Professor Herbert H. Einstein
Risk Assessment for Landslides and Other Natural Threats

Landslides, which occur when earthquakes or heavy rains loosen layers of surface soil, can cause considerable damage and are difficult to predict. This research uses a combination of hydrologic and mechanical models to form the basis for probabilistic modeling of landslides-which in turn is used in risk analysis. In parallel, a methodology based on decision making under uncertainty was and is being developed. The goal of this project is to assess the risks associated with natural threats and, in particular, the effect of countermeasures. The methodology makes use of classic Bayesian updating and Bayesian networks. 

Professor Herbert H. Einstein
Decision Analysis for EGS (Enhanced Geothermal Systems)
EGS rely on circulating water through rock fractures to extract heat and then through heat exchangers to eventually produce electricity in addition to directly useable heat. In this context, holes need to be drilled, artificial fractures created and the water circulation maintained through the lifetime of the system. Many uncertainties affect this system, and this research addresses the uncertainties related to the subsurface components.  Specifically, stochastic fracture pattern models and fracture flow models are combined to produce probabilistic flow models. In parallel, cost-time models for wells (drill holes) are developed. Finally, on the basis of the fracture flow and drill cost/time models, models will be created to predict the optimal location of the wells. The research is funded by the U.S. Department of Energy under the ARRA (American Recovery and Reinvestment Act) Program. 

Professor John R. Williams
Pore Scale Simulation For Enhanced Oil Recovery

In an oil reservoir, 20-40% of the oil can be recovered by primary development techniques. The rest remains trapped in the rock pores. Enhanced Oil Recovery (EOR) techniques, such as water flooding, gas injection, chemical injection and thermal stimulation, optimistically recover an additional 10-20% of the oil. This still leaves almost half of the oil trapped in the rock pores. The Department of Energy (DOE) has estimated that if “next generation” EOR is applied, the United States could generate an additional 240 billion barrels of recoverable oil resources - over 30 years supply at the present US consumption rate of 20 million barrels per day. For comparison, the Middle East holds an estimated 685 billion barrels that are recoverable and the tar sands of Alberta 300 billion recoverable barrels of “heavy” oil, with over a trillion barrels potentially recoverable using enhanced methods. We are researching new EOR technologies by providing understanding of the fundamental physical processes within a reservoir, particularly at the pore scale. We are developing the computational algorithms for pore scale simulation of oil reservoirs based on multi-scale, multi-physics models. The work leverages “particle” models based on a partition of unity class of techniques, including SPH and DEM.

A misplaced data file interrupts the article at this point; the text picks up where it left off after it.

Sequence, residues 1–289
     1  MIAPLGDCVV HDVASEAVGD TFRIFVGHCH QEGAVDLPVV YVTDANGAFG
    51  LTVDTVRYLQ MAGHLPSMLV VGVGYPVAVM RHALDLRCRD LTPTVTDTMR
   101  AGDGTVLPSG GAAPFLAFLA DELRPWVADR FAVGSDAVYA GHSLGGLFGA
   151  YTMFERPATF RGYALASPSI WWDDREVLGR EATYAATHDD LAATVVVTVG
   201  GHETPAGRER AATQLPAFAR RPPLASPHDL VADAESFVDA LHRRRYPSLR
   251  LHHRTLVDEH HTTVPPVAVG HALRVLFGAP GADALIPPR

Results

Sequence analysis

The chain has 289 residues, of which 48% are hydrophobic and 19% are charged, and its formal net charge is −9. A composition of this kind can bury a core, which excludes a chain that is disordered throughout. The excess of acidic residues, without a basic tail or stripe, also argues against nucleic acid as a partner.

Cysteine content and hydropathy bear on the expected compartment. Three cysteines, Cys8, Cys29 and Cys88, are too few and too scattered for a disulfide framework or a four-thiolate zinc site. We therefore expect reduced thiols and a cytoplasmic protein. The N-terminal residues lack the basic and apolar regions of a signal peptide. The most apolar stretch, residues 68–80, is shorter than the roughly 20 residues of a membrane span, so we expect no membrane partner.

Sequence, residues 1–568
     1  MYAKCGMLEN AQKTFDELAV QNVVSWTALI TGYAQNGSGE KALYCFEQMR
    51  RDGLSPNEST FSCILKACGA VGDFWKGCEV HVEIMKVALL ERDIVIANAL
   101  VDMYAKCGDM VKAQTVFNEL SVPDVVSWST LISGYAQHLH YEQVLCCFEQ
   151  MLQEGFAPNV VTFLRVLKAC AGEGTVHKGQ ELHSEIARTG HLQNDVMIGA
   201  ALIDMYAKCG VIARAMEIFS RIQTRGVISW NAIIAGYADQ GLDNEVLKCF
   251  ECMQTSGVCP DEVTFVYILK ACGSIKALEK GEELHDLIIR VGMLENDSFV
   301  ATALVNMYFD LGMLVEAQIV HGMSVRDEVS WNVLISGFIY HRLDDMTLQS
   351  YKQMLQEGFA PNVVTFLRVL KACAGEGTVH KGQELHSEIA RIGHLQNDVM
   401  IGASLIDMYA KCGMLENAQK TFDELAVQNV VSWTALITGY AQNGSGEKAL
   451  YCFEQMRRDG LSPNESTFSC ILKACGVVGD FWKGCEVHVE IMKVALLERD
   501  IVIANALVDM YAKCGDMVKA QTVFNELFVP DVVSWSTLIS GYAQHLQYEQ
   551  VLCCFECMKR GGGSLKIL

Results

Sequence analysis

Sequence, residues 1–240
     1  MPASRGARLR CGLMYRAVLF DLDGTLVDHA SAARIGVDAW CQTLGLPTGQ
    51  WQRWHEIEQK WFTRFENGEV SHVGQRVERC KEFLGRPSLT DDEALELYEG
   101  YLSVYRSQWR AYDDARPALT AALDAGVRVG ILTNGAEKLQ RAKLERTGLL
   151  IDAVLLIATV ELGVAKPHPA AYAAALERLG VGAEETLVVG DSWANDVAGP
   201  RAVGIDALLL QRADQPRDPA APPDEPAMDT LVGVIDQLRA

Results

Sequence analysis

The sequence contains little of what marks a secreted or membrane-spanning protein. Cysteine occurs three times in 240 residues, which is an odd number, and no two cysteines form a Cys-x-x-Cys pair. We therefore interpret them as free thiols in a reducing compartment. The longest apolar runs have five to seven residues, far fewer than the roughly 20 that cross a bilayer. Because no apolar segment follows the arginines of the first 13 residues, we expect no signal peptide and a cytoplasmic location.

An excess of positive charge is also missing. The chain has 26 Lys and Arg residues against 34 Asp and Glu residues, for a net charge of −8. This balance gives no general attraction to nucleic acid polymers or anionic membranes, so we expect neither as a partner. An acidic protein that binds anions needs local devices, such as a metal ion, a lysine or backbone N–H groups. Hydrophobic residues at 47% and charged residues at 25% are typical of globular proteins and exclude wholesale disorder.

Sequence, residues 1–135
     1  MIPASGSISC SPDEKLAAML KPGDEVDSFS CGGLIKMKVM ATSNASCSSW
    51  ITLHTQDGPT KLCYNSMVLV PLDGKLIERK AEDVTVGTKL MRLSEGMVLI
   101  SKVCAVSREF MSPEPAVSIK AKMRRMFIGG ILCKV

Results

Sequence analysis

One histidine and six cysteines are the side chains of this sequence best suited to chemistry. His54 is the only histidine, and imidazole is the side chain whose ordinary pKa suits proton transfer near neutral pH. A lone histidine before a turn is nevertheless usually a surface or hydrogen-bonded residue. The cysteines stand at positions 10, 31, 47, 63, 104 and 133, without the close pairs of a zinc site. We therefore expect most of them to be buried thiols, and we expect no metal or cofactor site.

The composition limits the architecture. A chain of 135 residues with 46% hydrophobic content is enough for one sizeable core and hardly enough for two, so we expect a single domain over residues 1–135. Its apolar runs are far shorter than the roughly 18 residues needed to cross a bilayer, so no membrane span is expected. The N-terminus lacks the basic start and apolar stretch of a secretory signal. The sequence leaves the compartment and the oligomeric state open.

Professor John R. Williams
Mutiscale, Multiphysics Simulation on Multicore Computers

A typical multiphysics simulation takes direct input from a microCT scan, at a resolution of some 8 billion voxels of data. Each grain of rock has a different shape and may be cemented to other grains. Furthermore, the surface properties of the grains influence the wetability of the rock/fluid system. The gas, water and oil in the pores, and the rock matrix are then subject to driving forces, mainly mechanical but also seismic, chemical and electrical. We have developed new algorithms to take advantage of shared memory multicore computers. The challenge is to be fast but also to be “thread safe”. We have shown that by tuning the task size to the hardware we can solve problems that were impossible even a few years ago.

Hydrology and Hydroclimatology back to top back to top

Professor Elfatih Eltahir
Connections of Hydrology and Malaria in Africa

The objective of this project is to develop credible numerical models that simulate the interactions of hydrologic processes and biological processes, involving mosquito populations, that lead to malaria transmission in African villages. The long-term goal is to use this new class of models to (1) predict the impact of climate change on the transmission of malaria, and (2) perform a priori testing of any environmental management intervention. The work will involve the development and application of numerical models, field campaigns for monitoring environmental conditions, as well as the use of high-resolution satellite data to characterize the water environment near African villages. A field site has been established covering two villages in Niger.
For more information:

Professor Dara Entekhabi
Satellite Estimation and Retrieval Algorithms